And I definitely feel that dynamic playing out in today’s battles. In the fight against sexual assault and rape culture, the realist might say, “Well, of course we need to educate males, but boys will be boys…

In the fight for gay rights, the realist might say, “Well, of course we want to improve gay rights, but we don’t want to move too fast…” (I’ve heard the latter used by serious pundits as an argument against court action.)

To use a recent real life example from an argument with an acquaintance of mine, his view (paraphrased) was pretty much “We should improve the culture of I.T. workplaces, but it’s just in men’s nature to sexualize their female counterparts…” My view, on the other hand, was “We need to change the culture so that sexualization and prejudice in the workplace is not tolerated.” What he sees as fundamental, I see as changeable. Sexism, racism, religious intolerance, homophobia, on all levels– I firmly believe that these are, and always have been, products of human culture, and that they can and will be eradicated, despite the naysaying realists.

And okay, maybe in some cases, it’s important to have realists around, to temper determination with a voice of caution, and to make sure that even the most idealistic social progressives have a plan. But all in all, I feel like there are more than enough realists in the world. I’d rather be an idealist. And if someone tells me that I view the human condition too optimistically, that I argue for things which are too difficult or unrealistic to achieve– well, that’s a criticism I’m prepared to embrace wholeheartedly. Hell, I’d engrave that on my tombstone.

But in people like Nelson Mandela, I see concrete evidence that sometimes the idealists really do win, and win big. That society improves, despite the naysayers and the pessimists and even the realists who support you but are nevertheless afraid of change, or just can’t believe your dream is possible. Strive for what you believe in, and you really can win.

Rest in peace, Mr. Mandela.

A Few Notes on Published Stories

Best Regards, Waylines Magazine

Waylines Magazine is holding a Reader’s Choice Poll for Best Story of the Year, and Best Regards, which was published earlier this month, is in the running. If you read my story and enjoyed it, please consider dropping by to cast your vote.

Natalie, Lakeside Circus

Issue One of Lakeside Circus is out, which contains my science fiction short story Natalie. The only way to read it at the moment is to subscribe, but over the next couple months the stories will gradually be released to the website one at a time. I don’t know yet when Natalie will be available on the web, but I’ll let you know when it’s up.

And that’s about it for now. Sometime soon I’ll post a more substantial blog entry; on Wednesday I’ll be heading back to the East Coast for a few weeks to see friends and family, and needless to say I am very much looking forward to that.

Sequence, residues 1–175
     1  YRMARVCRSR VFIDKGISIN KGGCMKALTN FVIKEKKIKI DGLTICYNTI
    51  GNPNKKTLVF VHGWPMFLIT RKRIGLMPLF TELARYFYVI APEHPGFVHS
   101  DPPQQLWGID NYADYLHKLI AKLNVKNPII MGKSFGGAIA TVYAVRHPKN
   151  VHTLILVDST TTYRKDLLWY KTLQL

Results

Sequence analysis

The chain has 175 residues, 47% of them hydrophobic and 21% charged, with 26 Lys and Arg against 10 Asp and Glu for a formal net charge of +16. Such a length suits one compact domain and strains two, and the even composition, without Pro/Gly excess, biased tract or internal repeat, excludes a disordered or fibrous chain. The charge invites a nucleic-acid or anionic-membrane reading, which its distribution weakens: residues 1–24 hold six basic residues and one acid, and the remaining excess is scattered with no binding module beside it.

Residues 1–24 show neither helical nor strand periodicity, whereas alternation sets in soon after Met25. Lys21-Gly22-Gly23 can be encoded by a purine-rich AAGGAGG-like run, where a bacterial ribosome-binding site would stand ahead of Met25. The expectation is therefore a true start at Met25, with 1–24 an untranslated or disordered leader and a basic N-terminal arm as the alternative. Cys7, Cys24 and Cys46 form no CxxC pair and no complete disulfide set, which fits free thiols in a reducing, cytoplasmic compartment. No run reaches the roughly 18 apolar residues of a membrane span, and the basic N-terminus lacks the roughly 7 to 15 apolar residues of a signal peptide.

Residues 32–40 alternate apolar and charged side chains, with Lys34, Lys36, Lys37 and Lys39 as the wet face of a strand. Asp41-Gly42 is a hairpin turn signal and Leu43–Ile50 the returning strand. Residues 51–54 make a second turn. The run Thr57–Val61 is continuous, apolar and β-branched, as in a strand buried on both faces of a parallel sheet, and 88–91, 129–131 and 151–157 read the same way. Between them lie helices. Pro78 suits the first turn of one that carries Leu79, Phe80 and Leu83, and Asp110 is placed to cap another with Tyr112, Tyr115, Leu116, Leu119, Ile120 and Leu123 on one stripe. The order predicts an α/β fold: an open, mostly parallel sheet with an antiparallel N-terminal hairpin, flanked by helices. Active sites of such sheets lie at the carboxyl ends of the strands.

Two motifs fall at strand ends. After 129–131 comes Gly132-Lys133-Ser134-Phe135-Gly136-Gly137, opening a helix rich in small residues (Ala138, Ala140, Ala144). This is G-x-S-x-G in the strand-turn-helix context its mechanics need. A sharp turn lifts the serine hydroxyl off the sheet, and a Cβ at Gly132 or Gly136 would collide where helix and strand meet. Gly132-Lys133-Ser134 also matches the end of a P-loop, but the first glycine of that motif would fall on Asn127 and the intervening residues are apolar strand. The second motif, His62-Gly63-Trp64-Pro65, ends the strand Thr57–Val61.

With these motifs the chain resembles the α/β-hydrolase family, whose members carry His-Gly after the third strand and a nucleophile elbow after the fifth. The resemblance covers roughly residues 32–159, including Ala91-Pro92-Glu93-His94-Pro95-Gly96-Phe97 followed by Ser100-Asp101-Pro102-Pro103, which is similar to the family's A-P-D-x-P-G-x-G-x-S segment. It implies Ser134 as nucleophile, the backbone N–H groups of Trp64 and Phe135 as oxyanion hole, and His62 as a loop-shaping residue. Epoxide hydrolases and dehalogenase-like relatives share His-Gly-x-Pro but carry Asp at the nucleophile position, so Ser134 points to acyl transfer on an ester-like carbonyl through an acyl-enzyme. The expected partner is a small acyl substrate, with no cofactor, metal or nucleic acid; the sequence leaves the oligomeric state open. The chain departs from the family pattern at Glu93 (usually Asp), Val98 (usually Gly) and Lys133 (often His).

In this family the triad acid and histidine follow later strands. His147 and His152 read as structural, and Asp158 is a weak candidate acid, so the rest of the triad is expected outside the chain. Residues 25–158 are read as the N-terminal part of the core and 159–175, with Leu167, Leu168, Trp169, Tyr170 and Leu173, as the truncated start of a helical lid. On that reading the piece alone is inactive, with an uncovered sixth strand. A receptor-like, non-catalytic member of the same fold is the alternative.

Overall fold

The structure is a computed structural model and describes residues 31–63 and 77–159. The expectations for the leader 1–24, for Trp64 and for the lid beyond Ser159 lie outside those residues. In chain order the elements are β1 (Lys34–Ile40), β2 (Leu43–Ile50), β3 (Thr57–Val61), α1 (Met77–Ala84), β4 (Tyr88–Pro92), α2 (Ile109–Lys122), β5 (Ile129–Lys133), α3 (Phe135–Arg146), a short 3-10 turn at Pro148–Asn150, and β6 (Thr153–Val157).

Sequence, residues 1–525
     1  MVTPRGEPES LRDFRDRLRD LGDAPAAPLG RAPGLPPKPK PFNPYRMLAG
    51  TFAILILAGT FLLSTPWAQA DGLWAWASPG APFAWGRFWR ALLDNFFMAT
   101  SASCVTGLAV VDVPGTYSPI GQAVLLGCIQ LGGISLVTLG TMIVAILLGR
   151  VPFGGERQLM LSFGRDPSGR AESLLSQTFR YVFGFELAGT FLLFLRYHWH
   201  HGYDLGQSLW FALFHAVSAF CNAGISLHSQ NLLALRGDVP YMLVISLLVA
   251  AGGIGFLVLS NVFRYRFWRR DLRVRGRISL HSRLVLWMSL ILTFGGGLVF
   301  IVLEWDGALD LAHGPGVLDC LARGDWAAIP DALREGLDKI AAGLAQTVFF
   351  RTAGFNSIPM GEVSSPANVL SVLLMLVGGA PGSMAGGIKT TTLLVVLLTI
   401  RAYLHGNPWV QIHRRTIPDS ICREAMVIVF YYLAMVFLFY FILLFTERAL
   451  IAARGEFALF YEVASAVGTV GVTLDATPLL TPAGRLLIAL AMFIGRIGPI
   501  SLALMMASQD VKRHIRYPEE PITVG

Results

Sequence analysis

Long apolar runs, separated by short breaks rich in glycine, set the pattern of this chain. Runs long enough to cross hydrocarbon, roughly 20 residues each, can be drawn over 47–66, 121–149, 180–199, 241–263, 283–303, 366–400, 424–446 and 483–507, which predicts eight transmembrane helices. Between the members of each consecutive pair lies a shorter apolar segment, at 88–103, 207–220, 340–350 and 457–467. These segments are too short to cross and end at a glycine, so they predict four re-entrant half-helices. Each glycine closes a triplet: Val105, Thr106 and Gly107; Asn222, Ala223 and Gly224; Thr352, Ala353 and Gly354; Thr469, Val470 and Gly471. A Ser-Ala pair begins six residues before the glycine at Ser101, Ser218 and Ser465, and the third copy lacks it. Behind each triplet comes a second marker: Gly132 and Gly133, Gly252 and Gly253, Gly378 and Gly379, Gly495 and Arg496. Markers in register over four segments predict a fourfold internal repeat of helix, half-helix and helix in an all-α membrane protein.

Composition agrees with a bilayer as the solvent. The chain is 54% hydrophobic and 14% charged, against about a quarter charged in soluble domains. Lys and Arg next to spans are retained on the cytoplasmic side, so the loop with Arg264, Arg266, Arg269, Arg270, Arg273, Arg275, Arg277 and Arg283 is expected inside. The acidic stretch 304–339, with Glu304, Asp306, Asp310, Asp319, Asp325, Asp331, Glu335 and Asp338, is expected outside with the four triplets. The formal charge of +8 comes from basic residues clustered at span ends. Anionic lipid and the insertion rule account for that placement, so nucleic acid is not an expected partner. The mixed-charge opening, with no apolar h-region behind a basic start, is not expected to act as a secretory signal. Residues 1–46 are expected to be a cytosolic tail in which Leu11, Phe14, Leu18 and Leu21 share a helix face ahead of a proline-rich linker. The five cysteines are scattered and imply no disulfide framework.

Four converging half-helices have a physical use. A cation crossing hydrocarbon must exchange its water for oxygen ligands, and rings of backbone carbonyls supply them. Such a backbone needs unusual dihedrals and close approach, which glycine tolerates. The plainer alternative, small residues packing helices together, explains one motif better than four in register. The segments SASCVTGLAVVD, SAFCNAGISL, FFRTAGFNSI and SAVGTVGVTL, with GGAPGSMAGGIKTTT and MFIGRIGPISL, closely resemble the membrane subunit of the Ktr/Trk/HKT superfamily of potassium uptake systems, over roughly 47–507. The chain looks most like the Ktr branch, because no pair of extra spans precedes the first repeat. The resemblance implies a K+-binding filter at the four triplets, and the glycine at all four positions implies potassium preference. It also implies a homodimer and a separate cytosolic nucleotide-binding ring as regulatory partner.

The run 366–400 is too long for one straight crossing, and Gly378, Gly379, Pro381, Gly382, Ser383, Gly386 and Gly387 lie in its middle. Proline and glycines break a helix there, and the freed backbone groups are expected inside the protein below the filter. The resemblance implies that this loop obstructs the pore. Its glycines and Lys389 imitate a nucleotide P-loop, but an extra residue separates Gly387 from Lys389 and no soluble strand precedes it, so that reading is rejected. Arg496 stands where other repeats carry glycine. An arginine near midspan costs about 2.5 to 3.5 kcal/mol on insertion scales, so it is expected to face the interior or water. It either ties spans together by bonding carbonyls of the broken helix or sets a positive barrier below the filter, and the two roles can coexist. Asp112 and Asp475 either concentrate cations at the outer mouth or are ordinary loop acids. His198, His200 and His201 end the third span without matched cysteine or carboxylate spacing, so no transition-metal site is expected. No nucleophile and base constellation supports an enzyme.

I hope everyone had a great and delicious Thanksgiving!

New Story Up at Waylines!

Issue 6 of Waylines Magazine is out, and I’m pleased to announce that I have a story in it! The title is Best Regards, and it’s more than a little bit inspired by the day job I’ve held the past couple of years. For anyone who’s ever worked in I.T. (particularly Support of any kind), this one’s for you.

There’s also an interview with me and the other Issue 6 authors, so check that out as well. The interview only contains about half of what they asked me; I believe the rest will be in the digital download edition, available November 30. But you can read the story and a good portion of the interview right now at the Waylines website. Check it out here.

And Now, Time For Something Different

So, a few days ago I gave notice at my job. My last day of work is November 15th.

I’ve been working in I.T. for almost nine years now, and I’ve enjoyed most of my time at the places I’ve worked, but I feel like it’s time to take a break for a while. Maybe even for good. Between my own savings and a portion of my Mom’s estate, I find myself in a position where I have enough resources to spend most of 2014 working full-time on projects of my own. And I hope, by the end of that period, I’ll be making a sustainable income.

That’s the plan, anyway. It’s still open to adjustment. And I’ve got some traveling to do first; I plan to spend December back on the East Coast. I’ll see my Mom’s completed columbarium for the first time (the engraved stone wasn’t finished at the time of the memorial service) and spend some time with old friends, then travel down to Florida and spend the holiday season with family. I kind of feel like I’ve been working with my head down ever since I got back from Mom’s funeral in March, so in December I plan to take my first real vacation in a while.

In 2014 I may do some more traveling, too. I haven’t taken an international trip since my 2010 trip to Europe. But we’ll see.

As for what projects I’ll be working in 2014, well, of course I’ll be writing. I have two novels I want to write, so if nothing else, by the end of this “freelance” period I hope to have a couple stories to shop around. I have a separate non-fiction endeavour I’d like to finish and publish on my own, so this will also give me an opportunity to work on that, and test the waters of of self-publishing.

In the meantime, I’ll also be working to expand my photography, doing photoshoots and events, selling prints, and getting a business running.